Another significant novelty introduced via the trading routes was Christianity. Francis Xavier, a Spanish Catholic missionary and representative of the Portuguese Empire at that time, led the first Christian mission to Japan in 1549. The exclusivist nature of Catholicism made this no easy task, but Xavier and his assistants were the sole missionaries in Asia for over 45 years. The divisive political environment of Japan at the time fuelled the adoption of Catholicism, with some of the daimyos converting and encouraging their subjects to do the same.

So, before the story of Shogun begins, we have the powers of the world vying for growth in new, exotic lands while attempting to usurp the influence of established trading posts. Within Japan, a Council of Regents, formed of 5 influential daimyos — including Lord Toranaga — ruled the country with the purpose of maintaining governance until the heir of the deceased taiko, Japan’s supreme leader, came of age.

With so many egos involved and a background of civil unrest, John Blackthorne is set to bring more twists considering his ship is not only holding trading goods, but also a new powerful weapon: cannons.

The TV Adaptation

The series introduces us to 16th century Japan through the eyes of John Blackthorne, portrayed by Cosmo Jarvis — a rendition far grittier than Richard Chamberlain’s in the 1980s series.

In this adaptation, we quickly move beyond Blackthorne to meet other key figures of the era, including the members of the Council of Regents who oversee the country. Among them is the influential Lord Toranaga, played by Hiroyuki Sanada, whose rising influence raises concerns within the council.

The care for the detail of this foreign new world is visible from the first moment when John encounters the Japanese people. The costumes, sets, and cinematography are stunning, immediately immerses you in this breathtaking world. This is always hard to achieve in productions set outside the contemporary era, be they historical, sci-fi, or fantasy.

From the onset, the series makes it clear that its focus is on the intricate political manoeuvrings, as opposed to the romantic elements emphasised in the 1980s adaptation. These political machinations reminded me of the House of Cards series with the gripping and interesting parts being the power plays more than the gore of the action sequences. There are scenes where a subtext-heavy conversation between two characters is much more powerful — and fun to watch — then a full battle sequence.

Not that the battles are not enjoyable. They are certainly gripping and realistic, hence the 18+ rating of the show. The passion and care for the historical accuracy is in full display in the battle sequences, with the mud, blood, chopped off limbs and broken bones in full display.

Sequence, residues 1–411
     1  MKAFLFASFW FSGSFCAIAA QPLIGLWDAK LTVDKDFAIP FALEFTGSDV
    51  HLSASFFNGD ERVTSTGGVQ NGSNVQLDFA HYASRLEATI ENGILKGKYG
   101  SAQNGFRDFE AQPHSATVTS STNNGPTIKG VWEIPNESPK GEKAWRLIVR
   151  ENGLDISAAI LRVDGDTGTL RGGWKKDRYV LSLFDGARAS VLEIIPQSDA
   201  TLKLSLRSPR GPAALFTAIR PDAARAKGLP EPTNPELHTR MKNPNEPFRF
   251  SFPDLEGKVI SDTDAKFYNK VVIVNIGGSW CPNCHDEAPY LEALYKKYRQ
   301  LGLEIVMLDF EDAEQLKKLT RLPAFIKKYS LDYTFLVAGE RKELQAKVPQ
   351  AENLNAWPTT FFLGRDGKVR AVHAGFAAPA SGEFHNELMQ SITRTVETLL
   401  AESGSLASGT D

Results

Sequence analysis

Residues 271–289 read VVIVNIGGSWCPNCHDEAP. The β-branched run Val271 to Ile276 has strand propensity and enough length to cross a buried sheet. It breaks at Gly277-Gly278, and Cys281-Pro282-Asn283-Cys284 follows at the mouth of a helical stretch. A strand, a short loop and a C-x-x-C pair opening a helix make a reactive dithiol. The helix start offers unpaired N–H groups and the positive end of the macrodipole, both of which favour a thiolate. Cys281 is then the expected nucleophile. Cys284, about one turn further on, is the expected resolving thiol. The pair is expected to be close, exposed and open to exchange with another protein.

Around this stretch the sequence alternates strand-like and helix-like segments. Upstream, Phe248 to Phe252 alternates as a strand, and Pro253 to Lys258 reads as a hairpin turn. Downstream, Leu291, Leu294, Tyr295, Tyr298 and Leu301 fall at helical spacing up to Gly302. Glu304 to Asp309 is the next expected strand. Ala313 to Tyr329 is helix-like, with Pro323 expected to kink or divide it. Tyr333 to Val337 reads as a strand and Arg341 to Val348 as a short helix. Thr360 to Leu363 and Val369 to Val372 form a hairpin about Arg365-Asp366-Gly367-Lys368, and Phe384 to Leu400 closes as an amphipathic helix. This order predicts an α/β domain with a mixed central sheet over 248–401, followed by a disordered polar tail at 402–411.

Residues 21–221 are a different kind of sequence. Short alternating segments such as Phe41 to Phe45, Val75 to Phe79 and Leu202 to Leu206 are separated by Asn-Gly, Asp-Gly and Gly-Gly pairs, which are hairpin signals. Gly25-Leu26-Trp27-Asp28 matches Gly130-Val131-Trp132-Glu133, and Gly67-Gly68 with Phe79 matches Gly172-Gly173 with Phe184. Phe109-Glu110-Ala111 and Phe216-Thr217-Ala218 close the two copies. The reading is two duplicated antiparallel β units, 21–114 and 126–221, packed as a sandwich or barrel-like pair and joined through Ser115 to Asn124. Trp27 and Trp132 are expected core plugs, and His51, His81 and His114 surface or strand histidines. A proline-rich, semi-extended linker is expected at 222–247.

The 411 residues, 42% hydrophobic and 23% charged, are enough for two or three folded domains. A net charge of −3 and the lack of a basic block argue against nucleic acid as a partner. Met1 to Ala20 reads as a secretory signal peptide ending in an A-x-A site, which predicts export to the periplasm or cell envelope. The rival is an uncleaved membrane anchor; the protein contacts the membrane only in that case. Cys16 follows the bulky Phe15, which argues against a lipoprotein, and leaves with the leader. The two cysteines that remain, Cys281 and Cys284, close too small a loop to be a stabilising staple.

This approach is not a bad thing as that historical period of Japan is full of twists and backstabbings in itself, enough to justify plenty of episodes without any emotional drama. However, it is a bit disappointing that the relationship between John and Lady Mariko is not explored more. The actors inhabiting these two characters are impressive and never seem to have enough time to develop and iron out their religious and cultural differences. This doesn’t detract from the quality of the show, the writing team have done a tremendous job dropping outdated parts of the book while keeping their respect to the material.

Lord Toranaga on the other side, has plenty of screen time and deservedly so. Played with finesse by Hiroyuki Sanada, the character needs to constantly compromise to ensure the longevity of his bloodline, while countering attempts on his life, navigating religious plays and parenting a headstrong and naive son. All the emotional layers are expertly acted by Sanada making him a joy to watch in every scene. It’s like watching a Japanese version of Anthony Hopkins.

Final Thoughts

In my opinion, this series is an absolute gem. It’s shines through via the focused approach of telling a story from both angles, detailing the world and Japanese traditions with finesse while still focusing on the drama. Yes, the book is extensive and it is renowned for its detailed explanation of the culture and traditions of Japan, but even with restrictions of time and budget, the show does an excellent job by deep-diving into the details of the era and presenting them as accurate as possible. With the addition of top-quality actors, music and VFX in the right dose, it is shaping up to be one of the best series of the year.

Does it do justice to the book? I think it does, based on the level of detail and enthusiasm of the creators. It is clear that they know what a monumental impact the book and the 1980s series had at the time and they don’t do anything less than improving the source material. Considering the book is over eleven hundred pages, there’s no way to fit in all the characters arcs and all details in 10 hours, so compromises had to be done, for example: less focus on John & Marikos relationship or the Christianity’s impact on Japan that we see in the books. It could have gone wrong so easily by making it a soap-opera set in this troubled time in Japan’s history, but luckily, it does not fall into that trap, instead, the drama comes from the characters struggles with the pressures of rigid societal norms, tarnished bloodlines and the gravitational pull of fate.

Again, no film adaptation will be better than the book because of the real-life constraints of producing a TV series, and no director can outdo the reader’s imagination. However, when an adaptation prompts viewers to read the original book, it has succeeded in doing justice to that work.